I talked to Andre LaMothe today (Propeller Hydra) about the state of things. He says ARMs have taken over the world and they are quite cheap. In the last decade, they've certainly received a few thousand man-years of engineering effort. Some now come with quad graphic accelerators and every peripheral you could ask for - several of each, in some cases. ARM has also unified a lot of the libraries (core-related) and provided framework for vendor-made peripheral library support. Lots of usable code is available for ARM's. Nothing is going to compete in that arena for the foreseeable future.

    I checked a few samples of Andre LaMothe book - apparently the major microcontroller used (Ubicom SX) is not in the market anymore, and sold very expensive in very small quantities. Since I only read the samples, I might have missed out on other things mentioned in the book.

    Since the ARM microcontrollers are all around the place, is there an effort by him to use a commercially available ARM microcontroller (which is purchasable from element14 or RS or other nearest retailer) to drive VGA or composite video signals, or to process sound, inside these books?

    His older books were about making video games from SX and Propeller chips. His new work is all ARM-centric.

    By the way, the SX chips were not that expensive (~$2).
  • Why did ARM win the battle? Not: is ARM good or not. They could draw a critical number of users on them. And now developers create applications in the form of pcbs, systems on chip, etc. ARM is a building block. Thinking this way, I see the COG as a unified building block. when I do motor control, I create a system on chip, actually. one cog creates PWM and syncs the ADC counters, another one is the ADC by reading and evaluting counters, then uart to a pc, HMI by running a screen and interfacing mouse and keyboard. Yes, it is a system on chip. I even could do this trick: the adc feedbackpulses compensate the anolog input. So if I rc-filter these pulse, I get an anolog voltage inverted to the input. This voltage I can feed to another adc and so substract one voltage from another. Without analog chips. You can even do a multiplier this way. With P2 we have the same, only multiplied! So the prop creates universality. Parallax: equip your genius. Propeller: empower your genius
  • cgracey wrote: »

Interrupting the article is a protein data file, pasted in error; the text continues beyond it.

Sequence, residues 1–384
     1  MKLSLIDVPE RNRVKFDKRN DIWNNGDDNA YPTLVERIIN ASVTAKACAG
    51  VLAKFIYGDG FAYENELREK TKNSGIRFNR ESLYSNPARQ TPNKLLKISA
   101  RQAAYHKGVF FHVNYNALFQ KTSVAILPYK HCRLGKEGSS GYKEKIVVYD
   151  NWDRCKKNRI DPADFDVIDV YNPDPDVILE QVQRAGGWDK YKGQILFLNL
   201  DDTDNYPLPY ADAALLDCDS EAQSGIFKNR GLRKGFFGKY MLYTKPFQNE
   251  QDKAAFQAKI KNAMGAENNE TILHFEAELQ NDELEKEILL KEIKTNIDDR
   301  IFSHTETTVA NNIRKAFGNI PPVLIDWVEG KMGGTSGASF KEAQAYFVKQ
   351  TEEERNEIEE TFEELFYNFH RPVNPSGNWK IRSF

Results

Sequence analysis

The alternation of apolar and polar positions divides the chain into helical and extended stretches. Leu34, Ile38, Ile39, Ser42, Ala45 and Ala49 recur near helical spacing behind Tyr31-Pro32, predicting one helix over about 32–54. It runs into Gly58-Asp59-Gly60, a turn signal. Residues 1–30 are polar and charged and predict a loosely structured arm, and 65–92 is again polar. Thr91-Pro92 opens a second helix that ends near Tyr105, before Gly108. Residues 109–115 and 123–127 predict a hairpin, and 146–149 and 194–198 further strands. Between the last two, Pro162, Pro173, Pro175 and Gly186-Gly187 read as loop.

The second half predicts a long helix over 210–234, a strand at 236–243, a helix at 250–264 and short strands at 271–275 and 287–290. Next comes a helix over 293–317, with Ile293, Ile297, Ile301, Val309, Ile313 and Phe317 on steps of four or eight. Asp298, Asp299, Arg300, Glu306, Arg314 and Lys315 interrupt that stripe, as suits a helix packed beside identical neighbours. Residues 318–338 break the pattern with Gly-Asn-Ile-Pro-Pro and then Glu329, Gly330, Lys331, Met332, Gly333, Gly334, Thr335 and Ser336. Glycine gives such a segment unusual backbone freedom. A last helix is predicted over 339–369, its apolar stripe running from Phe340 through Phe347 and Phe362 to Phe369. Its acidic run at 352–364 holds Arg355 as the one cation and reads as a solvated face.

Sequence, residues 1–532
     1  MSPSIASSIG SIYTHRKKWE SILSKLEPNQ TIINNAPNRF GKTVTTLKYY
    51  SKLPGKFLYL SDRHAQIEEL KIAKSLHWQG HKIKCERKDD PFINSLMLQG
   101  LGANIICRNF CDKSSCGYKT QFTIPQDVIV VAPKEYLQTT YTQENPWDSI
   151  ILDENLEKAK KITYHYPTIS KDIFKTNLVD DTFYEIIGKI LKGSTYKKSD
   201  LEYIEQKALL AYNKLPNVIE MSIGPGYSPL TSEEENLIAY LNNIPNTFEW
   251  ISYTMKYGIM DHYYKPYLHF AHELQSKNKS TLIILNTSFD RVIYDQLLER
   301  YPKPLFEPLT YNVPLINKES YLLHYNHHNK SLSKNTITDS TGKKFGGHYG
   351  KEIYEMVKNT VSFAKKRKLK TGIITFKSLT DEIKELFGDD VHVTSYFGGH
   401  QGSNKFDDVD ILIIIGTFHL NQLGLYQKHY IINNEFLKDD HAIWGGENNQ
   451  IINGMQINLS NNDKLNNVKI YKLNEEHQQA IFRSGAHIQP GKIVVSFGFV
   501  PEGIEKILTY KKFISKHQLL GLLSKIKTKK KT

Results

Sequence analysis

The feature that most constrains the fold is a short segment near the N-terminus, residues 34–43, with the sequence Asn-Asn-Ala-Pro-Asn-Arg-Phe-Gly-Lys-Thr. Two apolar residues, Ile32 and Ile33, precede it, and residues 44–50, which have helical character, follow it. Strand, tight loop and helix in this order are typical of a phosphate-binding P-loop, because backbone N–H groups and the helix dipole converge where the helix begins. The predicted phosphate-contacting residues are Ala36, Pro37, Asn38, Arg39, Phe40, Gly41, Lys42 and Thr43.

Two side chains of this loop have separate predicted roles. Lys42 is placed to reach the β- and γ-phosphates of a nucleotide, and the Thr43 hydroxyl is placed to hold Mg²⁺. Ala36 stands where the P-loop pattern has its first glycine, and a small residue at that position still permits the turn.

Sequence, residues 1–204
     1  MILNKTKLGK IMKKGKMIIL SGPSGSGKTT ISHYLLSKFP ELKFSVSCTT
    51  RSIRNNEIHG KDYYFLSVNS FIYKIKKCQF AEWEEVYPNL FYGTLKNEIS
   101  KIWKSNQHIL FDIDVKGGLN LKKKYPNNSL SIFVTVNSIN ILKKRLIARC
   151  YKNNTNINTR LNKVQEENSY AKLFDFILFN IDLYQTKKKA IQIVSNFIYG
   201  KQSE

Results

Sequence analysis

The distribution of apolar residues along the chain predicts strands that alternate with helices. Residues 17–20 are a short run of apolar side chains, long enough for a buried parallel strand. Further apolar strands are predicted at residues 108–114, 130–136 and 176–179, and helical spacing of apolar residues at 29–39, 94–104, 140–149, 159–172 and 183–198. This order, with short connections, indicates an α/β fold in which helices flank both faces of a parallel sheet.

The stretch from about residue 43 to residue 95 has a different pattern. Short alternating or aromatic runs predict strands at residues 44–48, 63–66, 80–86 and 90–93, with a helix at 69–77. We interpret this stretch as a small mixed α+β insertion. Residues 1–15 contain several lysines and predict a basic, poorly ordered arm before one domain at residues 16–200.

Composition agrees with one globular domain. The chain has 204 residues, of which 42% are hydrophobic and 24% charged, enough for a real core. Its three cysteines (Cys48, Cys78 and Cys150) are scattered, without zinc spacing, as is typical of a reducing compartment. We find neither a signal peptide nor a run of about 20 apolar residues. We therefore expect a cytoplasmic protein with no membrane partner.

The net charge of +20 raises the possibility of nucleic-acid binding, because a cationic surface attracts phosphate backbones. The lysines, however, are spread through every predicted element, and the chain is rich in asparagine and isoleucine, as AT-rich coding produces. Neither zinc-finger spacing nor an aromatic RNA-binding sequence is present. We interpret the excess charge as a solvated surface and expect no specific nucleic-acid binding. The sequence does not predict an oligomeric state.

I talked to Andre LaMothe today (Propeller Hydra) about the state of things. He says ARMs have taken over the world and they are quite cheap. In the last decade, they've certainly received a few thousand man-years of engineering effort. Some now come with quad graphic accelerators and every peripheral you could ask for - several of each, in some cases. ARM has also unified a lot of the libraries (core-related) and provided framework for vendor-made peripheral library support. Lots of usable code is available for ARM's. Nothing is going to compete in that arena for the foreseeable future.

    For the Prop2, I think it needs to be pitched as something quite different. It's good at I/O and multi-processing to support I/O. Its strengths cannot be exploited very well under an ARM-like approach to development, where compiled C code talks to hardware peripherals that deal with real-time phenomena - unless libraries of PASM code can bridge that gap.

    From what Heater has said, along with Andre, we would do well to get a C-Lang (maybe) code generator working, so that we could get JavaScript and Python running quickly, along with C. It would be really interesting to see what, exactly, was done to make C-lang support a particular MCU. I know many of you have been clanging about this for years.
    Using CLang and LLVM is probably a good idea. Unfortunately, it's pretty much starting over from what we did with PropGCC. I guess the library work could be carried forward if we use a similar ABI but all of the GCC compiler work will have to be scrapped. This is a good time to do it though since we haven't started the P2 GCC work yet. We should probably make a decision on this fairly soon. Do you have a resource in mind to do the CLang / LLVM work or do you want the old PropGCC team to look into it?